The first link for scanned images is where you go for the old maps. When you click through, you will be presented with two options. Select “Search on Town/Region/Farm Name”. You will then be shown a table in which to input the search terms. Select “Free State” in the top drop down menu and put the farm name in the bottom box. This is not a forgiving search function. It will only search for exactly what you have provided, letter for letter. You will then be given a list of farms with that name in the Free State. These farms all show up as being in the Fouriesburg district. Click on the button on the right and you will be shown a list of documents. The first column shows the date. Click on the link on the right and the site will download the document to your computer.

The next big link, marked Cadastral Data, is, unsurprisingly, where you go if you want the cadastral maps. It is however a two step process. When you click on the link, and normally after a bit of a wait, you will be presented with a Web App link and a disclaimer. Click on the Web App icon and you will be shown a map of South Africa. You need to zoom in, which you can do by repeatedly double-clicking on the spot you want to go to or by placing your cursor over the spot and scrolling up. The spot you want to head for is here: IMAGE D on pdf

You can see the outline of the Witteberge and Rooiberge (White Mountains and Red Mountains) that define the Brandwater Basin.

The map will zoom in and out quite quickly, but you have to give it time to draw the boundaries of the farms. If they are having a slow day in South Africa, this can take some time.

On the question of spelling, virtually all town names which have a ‘burg’ are spelled with a ‘u’ because ‘burg’ is equivalent to the English borough. There are a couple of notable exceptions relevant to the ABW - Heidelberg and Colesberg. The first is obviously named after the German city of the same name and the second is named after the hill near it.

The name De Jager and similar Dutch/Afrikaans names are also written with a convention about capitalisation. If you write “De Jager” or “Mr De Jager” the De is written with a capital, but if you include his Christian name, the De is written with a small ‘d’ - as on the map. This also applies to other Afrikaans names like Van Niekerk and Van Der Merwe which would morph to Carel van Niekerk and Koos van der Merwe.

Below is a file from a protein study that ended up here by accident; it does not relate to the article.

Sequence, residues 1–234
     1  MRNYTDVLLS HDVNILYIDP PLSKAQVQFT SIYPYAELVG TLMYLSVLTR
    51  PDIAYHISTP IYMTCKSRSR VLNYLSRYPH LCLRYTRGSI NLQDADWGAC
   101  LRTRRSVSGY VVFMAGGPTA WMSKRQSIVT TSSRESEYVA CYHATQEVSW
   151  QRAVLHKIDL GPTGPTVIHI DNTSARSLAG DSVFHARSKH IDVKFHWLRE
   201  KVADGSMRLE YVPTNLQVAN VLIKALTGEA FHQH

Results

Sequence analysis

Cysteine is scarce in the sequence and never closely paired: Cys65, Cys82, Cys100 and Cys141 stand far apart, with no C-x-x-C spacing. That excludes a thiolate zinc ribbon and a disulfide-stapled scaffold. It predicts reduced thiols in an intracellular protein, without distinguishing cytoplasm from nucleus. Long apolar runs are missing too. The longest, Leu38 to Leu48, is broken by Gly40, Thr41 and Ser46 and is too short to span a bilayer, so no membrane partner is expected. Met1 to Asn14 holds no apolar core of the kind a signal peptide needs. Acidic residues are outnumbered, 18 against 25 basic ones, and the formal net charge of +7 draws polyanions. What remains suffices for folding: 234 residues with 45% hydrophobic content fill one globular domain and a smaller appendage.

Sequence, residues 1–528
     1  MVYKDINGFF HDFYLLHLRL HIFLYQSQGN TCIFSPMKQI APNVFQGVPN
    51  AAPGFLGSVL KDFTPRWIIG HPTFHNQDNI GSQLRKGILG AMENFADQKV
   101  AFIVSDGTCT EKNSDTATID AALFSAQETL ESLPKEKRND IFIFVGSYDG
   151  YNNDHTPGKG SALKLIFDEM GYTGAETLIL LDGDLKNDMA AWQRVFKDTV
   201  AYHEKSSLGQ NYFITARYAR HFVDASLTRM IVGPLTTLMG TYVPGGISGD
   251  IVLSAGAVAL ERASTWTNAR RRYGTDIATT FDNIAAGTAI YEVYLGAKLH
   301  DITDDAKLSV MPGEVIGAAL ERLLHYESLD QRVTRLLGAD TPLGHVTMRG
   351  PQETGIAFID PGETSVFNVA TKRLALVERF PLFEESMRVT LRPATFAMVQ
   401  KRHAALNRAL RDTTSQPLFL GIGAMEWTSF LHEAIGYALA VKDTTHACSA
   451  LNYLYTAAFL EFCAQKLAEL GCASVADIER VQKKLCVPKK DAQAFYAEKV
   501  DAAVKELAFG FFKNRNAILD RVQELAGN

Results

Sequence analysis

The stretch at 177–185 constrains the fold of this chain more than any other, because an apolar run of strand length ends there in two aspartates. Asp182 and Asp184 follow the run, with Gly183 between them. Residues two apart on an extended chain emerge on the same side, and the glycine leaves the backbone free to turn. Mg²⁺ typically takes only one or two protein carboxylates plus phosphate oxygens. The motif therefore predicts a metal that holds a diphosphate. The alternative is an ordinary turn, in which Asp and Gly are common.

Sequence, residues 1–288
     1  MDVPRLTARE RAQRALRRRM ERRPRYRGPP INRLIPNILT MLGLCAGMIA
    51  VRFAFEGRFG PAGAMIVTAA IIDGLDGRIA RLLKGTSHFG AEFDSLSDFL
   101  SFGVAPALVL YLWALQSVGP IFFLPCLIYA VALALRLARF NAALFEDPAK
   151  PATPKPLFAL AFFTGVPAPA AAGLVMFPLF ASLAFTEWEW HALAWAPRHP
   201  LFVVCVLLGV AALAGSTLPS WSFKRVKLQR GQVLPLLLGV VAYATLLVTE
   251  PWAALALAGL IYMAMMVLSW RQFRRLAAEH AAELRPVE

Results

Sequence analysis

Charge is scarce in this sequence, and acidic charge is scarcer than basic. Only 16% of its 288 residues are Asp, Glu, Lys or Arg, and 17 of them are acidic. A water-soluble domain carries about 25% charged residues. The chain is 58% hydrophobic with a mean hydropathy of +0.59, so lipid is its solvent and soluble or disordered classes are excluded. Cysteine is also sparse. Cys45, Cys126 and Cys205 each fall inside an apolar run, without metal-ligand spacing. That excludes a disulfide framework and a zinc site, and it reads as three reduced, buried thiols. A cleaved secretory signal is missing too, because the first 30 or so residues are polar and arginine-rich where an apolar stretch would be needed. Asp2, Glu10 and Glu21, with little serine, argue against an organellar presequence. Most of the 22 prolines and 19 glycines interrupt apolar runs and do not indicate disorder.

I went and had a look for De jager’s Farm in a book I have used a bit to examine the doings of the British and Boer forces in the Brandwater Basin during the ABW. This is the book Een Hollandsh Officier in Zuid-Afrika [A Dutch Officer in South Africa] by Gerrit Boldingh who was a Dutch artillery officer who served as a Lieutenant in the Boer forces in the Brandwater Basin both in 1900 at the time of the Prinsloo surrender and in May and June the following year when Rundle made a sweep through the area to try to deal with ongoing harassment by the Commandos. I remembered that he mentioned a number of adjoining farms so I thought I would see if he mentioned the farm. He did. Once.

The book can be found here: archive.org/details/eenhollandschof00boldgoog

It is in Dutch so I have attached a full transcript of the book with a paragraph by paragraph translation by my cousin and me. We haven’t translated everything. Just sections that were relevant to our family story. These sections include the reference to Zandvalleyshoek. Whilst not directly relevant to the story of the Wiltshires a year earlier, Boldingh does describe the geography and moving around the area which may be helpful to your story.

The transcript is organised with the same pagination as the original and the section of interest begins on page 136 - Uit Den Vrijstaatschen Guerilla (From the Free State Guerilla). The description of the move into the Brandwater Basin begins at the bottom of Page 143 and there is a description of the attack on Snymanshoek (with the translation on the next page).

The particular reference to Zandvalleyshoek is on Page 151. Boldingh mentions taking up position on Inhoek which is a long gorge separated by a low ridge from Zandvalleyshoek which he describes as another gorge that runs in the direction of Retiefsnek. He calls the farm Zandvleihoek but is undoubtedly referring to Zandvalleyshoek. Firstly, there is no farm in the area called Zandvleihoek. Secondly, the convention of using the term ‘vlei’ instead of ‘valley’ was quite common. My great-grandfather’s farm, Bluegumbush, in the Witsieshoek area was adjacent to the farm Bestersvalley which in unofficial communications is almost always called Bestersvlei. The proper meaning of ‘vlei’ is a wetland area.

The translation:

We then took up position along the east side of Inhoek, a long gorge that goes up into the mountains and is separated by a low ridge from Zandvleihoek, another gorge, which goes in the direction of Retiefsnek. This was an uninterrupted set-up that could be well defended by a few men. Rundle therefore dared not make a frontal attack, but made a 4-day detour, that was successful. [Zandvleihoek also called Zandvalleyshoek]

Boldingh was also involved in the Brandwater Basin campaign in 1900 but does not mention anything about the actions along the Bethlehem-to-Fouriesburg road in the days leading up to the surrender because he was operating in the vicinity of Clarens where he was in charge of the ammunition wagons. His description begins on Page 11 - Het Verraad van Generaal Prinsloo (The Treachery of General Prinsloo).

Boldingh died of wounds received and these notes were published posthumously in 1903. He was undoubtedly very pro-Boer and anti-British - the Khaki”.



I would like to say a very big thank you to Alun for his assistance in finding De Jager’s farm, which thanks to him, I now know is called Zandvalleijshoek. The location has always eluded me and now I can pinpoint the place where this engagement involving the Wiltshire Regiment took place.